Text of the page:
Ottoman Greece

Most of the areas which today are within modern Greece's borders were at some point in the past part of the Ottoman Empire. This period of Ottoman rule in Greece, lasting from the mid-15th century until the successful Greek War of Independence that broke out in 1821 and the proclamation of the First Hellenic Republic in 1822 (preceded by the creation of the autonomous Septinsular Republic in 1800), is known in Greek as Tourkokratia (Greek: Τουρκοκρατία, "Turkish rule"; English: "Turkocracy").[1] Some regions, however, like the Ionian islands, various temporary Venetian possessions of the Stato da Mar, or Mani peninsula in Peloponnese did not become part of the Ottoman administration, although the latter was under Ottoman suzerainty.

The Eastern Roman Empire, the remnant of the ancient Roman Empire which ruled most of the Greek-speaking world for over 1100 years, had been fatally weakened since the sacking of Constantinople by the Latin Crusaders in 1204.

The Ottoman advance into Greece was preceded by victory over the Serbs to its north. First, the Ottomans won the Battle of Maritsa in 1371. The Serb forces were then led by the King Vukašin of Serbia, the father of Prince Marko and the co-ruler of the last emperor from the Serbian Nemanjic dynasty. This was followed by another Ottoman draw in the 1389 Battle of Kosovo.

With no further threat by the Serbs and the subsequent Byzantine civil wars, the Ottomans besieged and took Constantinople in 1453 and then advanced southwards into Greece, capturing Athens in 1458. The Greeks held out in the Peloponnese until 1460, and the Venetians and Genoese clung to some of the islands, but by the early 16th century all of mainland Greece and most of the Aegean islands were in Ottoman hands, excluding several port cities still held by the Venetians (Nafplio, Monemvasia, Parga and Methone the most important of them). The mountains of Greece were largely untouched, and were a refuge for Greeks who desired to flee Ottoman rule and engage in guerrilla warfare.[2]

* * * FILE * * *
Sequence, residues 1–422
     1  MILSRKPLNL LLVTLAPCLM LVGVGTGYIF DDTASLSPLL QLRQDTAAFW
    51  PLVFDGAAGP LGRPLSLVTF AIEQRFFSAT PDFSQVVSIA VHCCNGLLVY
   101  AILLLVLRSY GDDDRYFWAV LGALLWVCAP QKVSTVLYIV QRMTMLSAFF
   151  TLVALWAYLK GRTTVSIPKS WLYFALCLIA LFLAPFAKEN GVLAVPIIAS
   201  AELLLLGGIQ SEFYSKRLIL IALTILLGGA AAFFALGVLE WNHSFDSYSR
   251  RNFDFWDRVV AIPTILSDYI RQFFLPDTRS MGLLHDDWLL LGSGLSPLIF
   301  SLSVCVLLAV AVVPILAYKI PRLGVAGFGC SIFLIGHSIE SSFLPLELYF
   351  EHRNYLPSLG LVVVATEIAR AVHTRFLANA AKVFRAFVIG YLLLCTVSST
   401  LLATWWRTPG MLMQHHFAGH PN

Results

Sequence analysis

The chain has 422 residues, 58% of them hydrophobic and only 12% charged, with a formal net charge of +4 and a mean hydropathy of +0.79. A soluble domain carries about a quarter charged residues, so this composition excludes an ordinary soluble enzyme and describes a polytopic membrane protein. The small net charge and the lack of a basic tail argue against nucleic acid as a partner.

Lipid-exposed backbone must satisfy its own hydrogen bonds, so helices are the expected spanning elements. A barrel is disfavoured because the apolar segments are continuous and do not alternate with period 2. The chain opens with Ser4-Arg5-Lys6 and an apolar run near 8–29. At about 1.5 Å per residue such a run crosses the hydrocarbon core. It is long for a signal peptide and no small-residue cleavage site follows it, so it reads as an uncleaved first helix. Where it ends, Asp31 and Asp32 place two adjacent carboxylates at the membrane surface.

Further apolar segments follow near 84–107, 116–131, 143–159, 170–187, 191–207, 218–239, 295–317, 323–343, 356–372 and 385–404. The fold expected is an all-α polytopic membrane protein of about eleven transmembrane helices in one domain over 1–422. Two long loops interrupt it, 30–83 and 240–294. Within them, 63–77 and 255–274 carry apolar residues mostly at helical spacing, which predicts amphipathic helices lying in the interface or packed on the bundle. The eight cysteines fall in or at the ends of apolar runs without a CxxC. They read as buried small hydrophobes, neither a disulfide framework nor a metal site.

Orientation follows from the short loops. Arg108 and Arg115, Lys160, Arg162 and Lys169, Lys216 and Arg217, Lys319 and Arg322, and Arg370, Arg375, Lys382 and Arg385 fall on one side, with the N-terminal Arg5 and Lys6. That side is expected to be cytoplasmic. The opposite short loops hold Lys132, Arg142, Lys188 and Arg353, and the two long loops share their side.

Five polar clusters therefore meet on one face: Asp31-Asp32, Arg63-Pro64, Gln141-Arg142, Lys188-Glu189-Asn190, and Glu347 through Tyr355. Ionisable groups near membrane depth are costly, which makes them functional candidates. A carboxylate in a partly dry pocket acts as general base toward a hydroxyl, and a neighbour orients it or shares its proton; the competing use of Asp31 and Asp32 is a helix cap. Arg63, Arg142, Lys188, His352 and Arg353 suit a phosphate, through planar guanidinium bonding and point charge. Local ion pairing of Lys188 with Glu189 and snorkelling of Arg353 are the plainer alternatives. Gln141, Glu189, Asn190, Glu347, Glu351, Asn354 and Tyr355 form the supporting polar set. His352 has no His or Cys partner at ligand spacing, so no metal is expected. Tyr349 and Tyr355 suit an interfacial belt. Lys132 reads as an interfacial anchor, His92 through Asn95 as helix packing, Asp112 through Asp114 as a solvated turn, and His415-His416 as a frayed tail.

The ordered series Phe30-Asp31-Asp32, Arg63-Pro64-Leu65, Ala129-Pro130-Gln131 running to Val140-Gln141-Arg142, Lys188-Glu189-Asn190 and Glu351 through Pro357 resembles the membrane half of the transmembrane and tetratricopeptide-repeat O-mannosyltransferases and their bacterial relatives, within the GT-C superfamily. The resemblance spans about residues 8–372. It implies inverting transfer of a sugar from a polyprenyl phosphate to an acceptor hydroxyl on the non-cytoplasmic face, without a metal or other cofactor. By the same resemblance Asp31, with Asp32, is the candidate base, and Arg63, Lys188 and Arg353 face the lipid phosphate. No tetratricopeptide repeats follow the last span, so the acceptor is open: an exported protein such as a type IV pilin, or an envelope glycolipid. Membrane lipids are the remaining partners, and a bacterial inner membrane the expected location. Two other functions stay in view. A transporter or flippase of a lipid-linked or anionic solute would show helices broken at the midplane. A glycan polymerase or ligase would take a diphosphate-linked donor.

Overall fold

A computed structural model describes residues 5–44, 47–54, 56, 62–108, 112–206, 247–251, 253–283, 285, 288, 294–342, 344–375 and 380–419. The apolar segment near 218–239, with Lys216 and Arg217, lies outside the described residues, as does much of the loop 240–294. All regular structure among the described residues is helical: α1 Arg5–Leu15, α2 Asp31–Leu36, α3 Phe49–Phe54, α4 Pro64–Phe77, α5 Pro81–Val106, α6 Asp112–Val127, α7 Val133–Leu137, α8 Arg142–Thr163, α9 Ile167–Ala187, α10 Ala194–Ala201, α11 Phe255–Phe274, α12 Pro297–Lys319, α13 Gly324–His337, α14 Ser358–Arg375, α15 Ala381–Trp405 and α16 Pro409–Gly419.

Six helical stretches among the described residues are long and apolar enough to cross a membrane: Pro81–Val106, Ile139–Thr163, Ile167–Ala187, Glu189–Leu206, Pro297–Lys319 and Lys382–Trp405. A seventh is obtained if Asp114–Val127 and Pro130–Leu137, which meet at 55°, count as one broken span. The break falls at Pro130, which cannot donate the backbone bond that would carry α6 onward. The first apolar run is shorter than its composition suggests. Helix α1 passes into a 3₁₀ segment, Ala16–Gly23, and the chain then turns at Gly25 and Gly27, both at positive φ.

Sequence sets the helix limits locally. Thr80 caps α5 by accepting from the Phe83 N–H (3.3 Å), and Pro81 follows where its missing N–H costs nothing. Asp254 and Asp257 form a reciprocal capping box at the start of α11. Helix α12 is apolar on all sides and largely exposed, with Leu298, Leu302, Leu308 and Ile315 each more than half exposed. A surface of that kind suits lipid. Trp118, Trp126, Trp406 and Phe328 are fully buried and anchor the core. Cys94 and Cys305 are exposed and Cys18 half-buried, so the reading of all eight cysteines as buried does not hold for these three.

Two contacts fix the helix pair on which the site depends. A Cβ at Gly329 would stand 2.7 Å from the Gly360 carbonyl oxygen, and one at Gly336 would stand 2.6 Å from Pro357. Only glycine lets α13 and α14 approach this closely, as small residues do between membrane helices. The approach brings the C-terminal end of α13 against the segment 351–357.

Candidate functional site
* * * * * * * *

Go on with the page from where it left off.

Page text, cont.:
The Cyclades islands, in the middle of the Aegean, were officially annexed by the Ottomans in 1579, although they were under vassal status since the 1530s. Cyprus fell in 1571, and the Venetians retained Crete until 1669. The Ionian Islands were never ruled by the Ottomans, with the exception of Kefalonia (from 1479 to 1481 and from 1485 to 1500), and remained under the rule of the Republic of Venice. It was in the Ionian Islands where modern Greek statehood was born, with the creation of the Republic of the Seven Islands in 1800.

Ottoman Greece was a multiethnic society. However, the Ottoman system of millets did not correspond to the modern Western notion of multiculturalism.[3] The Greeks were given some privileges and freedom, but they were also suffering from the malpractices of its administrative personnel over which the central government had only remote and incomplete control.[4] Despite losing their political independence, the Greeks remained dominant in the fields of commerce and business. The consolidation of Ottoman power in the 15th and 16th centuries rendered the Mediterranean safe for Greek shipping, and Greek shipowners became the maritime carriers of the Empire, making tremendous profits.[5] After the Ottoman defeat at the Battle of Lepanto however, Greek ships often became the target of vicious attacks by Catholic (especially Spanish and Maltese) pirates.[5]